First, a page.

With substantial mathematical coaching and support from Grayson teachers Alexis Miller (Lower School Projects and Math) and Derek Graves (Mathematics and Computer Science), our Director of Research, Jill Williford Wurman, shares an avalanche of ideas to take a seasonal paper cutting activity to an experiential math lesson for young gifted students.


In recent days, the poor snowflake has largely been relegated to use as a sarcastic metaphor for overly-delicate souls who require special attention or accommodation, exceptions to the rules, or “safe spaces” that keep at bay the harsh realities of the world.  However, that very uniqueness is precisely what has kept people inspired to craft innumerable snowflakes out of all manner of materials year after year. In the right hands, cutting out paper snowflakes can be a rich experience allowing students to explore an avalanche of topics (!) including infinity, calculus, and geometry in addition to aesthetics and design.

Most elementary school students will create paper snowflakes in the winter as soon as they can make their little fingers work safety scissors (or, heaven help us, as soon as they learn to use glue and glitter).  Generally, they create lovely classroom decorations that festoon the hallways until the end of December or January, though an ambitious teacher bent on including academic material in every moment of the day might make the creation of snowflakes a lesson about symmetry, though terms like “bilateral” and “rotational,” (advanced vocabulary is always bait for a gifted child) don’t generally make an appearance until 4th grade, when the days of snowflake cutting are nearing their end.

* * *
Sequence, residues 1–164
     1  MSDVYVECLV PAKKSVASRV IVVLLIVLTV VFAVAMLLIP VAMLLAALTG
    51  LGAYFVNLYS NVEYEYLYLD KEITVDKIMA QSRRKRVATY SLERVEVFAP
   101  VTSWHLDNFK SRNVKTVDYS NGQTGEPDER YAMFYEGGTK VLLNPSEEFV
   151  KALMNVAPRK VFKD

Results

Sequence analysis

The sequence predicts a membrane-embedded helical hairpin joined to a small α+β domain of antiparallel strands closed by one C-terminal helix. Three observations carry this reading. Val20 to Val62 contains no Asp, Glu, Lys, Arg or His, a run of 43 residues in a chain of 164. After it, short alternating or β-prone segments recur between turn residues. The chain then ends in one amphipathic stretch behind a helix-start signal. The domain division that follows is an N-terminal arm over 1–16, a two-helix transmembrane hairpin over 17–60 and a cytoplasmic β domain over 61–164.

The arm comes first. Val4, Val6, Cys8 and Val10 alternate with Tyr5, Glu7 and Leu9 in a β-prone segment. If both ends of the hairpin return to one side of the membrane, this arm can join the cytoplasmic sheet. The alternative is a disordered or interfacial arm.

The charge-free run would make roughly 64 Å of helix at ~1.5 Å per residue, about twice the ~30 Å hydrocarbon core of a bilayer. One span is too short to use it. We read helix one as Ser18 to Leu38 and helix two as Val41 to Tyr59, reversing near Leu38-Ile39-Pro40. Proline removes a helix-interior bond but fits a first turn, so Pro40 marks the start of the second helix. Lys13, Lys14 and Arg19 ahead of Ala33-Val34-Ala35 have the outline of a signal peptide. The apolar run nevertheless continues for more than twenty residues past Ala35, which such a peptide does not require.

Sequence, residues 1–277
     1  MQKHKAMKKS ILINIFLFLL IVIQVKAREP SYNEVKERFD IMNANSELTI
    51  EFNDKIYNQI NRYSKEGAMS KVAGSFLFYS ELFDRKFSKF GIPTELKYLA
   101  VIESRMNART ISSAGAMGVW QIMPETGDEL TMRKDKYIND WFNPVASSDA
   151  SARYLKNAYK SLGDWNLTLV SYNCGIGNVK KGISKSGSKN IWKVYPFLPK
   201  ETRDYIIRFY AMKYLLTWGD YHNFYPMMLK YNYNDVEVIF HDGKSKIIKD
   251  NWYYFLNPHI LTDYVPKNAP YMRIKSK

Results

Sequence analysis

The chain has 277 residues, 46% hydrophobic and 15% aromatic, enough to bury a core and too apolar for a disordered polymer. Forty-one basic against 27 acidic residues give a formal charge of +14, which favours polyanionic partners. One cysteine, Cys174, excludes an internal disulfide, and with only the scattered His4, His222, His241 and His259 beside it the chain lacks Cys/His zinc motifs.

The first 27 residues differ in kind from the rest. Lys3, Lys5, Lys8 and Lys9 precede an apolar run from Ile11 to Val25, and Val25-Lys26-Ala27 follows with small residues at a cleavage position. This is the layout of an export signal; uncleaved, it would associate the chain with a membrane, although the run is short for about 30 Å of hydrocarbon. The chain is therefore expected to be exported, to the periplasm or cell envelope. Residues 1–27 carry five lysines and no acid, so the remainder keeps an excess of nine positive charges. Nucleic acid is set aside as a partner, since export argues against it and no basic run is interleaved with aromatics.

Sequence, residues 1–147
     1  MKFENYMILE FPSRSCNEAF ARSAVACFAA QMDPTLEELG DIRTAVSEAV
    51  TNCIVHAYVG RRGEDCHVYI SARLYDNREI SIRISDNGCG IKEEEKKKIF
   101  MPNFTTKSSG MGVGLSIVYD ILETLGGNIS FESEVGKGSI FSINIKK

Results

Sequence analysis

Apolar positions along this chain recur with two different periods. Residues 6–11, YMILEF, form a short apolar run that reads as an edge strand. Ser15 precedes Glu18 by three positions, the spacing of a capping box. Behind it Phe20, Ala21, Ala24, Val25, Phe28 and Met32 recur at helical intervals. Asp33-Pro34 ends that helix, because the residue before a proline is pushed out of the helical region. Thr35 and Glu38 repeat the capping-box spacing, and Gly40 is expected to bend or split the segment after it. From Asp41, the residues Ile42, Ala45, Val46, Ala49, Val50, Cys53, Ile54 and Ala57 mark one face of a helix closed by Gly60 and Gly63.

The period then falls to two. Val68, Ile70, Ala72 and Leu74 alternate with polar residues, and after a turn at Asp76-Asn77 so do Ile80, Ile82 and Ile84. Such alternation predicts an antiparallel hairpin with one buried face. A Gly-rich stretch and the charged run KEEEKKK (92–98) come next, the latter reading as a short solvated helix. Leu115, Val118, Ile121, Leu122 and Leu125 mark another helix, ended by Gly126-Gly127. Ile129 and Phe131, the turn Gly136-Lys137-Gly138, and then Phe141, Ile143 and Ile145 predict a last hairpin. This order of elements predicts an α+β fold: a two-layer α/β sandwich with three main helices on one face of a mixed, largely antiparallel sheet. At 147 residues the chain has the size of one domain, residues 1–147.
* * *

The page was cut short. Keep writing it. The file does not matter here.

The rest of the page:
So how can a teacher amp up the thinking in something as traditional and often purely decorative as cutting paper snowflakes?  By bringing serious math into it, of course: before break, both our 2nd-3rd grade and 4th-5th grade cohorts made fractal snowflakes to decorate our halls.  


In 1904, Swedish mathematician Niels Fabian Helge von Koch published a paper titled, “On a Continuous Curve Without Tangents, Constructible from Elementary Geometry,” in which he unwittingly laid the foundations for amazing snowflake constructions even more than a century in the future.  

Von Koch described a figure, an equilateral triangle, which had interesting qualities if modified iteratively: in the middle of each side of an equilateral triangle, add an outward bend in the shape of a smaller equilateral triangle whose sides are one-third the length of the original.  Repeat this on each side of the shape you’ve created, over and over, ad infinitum.  

Here is an animation of the first seven iterations of that exercise: 

Animation while building a Koch snowflake. Attr: António Miguel de Campos [Public domain]

What von Koch discovered is that even after infinite iterations, this figure doesn’t get substantially larger in terms of area (more precisely, it approaches, but never quite reaches, 8/5 the area of the original triangle), but its perimeter gets larger and larger (each new iteration is 4/3 the length of the previous one), increasing towards infinity.  

Even if you’re not terribly mathematically inclined, this is a fascinating concept, and one that students and adults alike can grasp, especially if expressed concretely: if you have a fenced backyard of a certain size, and you modify the fence in this particular way over and over and over, your backyard never gets bigger than 8/5 its original size, while your fence gets longer and longer, with no upper limit. (This is simultaneously encouraging to whoever mows your yard and deeply distressing to whoever is having to schlep to and from Home Depot for you with more and more sections of fence.)  

Researchers think children may encounter the idea of infinity as early as preschool[1] though at that point, it is a fuzzy notion more connected to the idea of something so big you cannot imagine it; measurement is not part of this concept at all.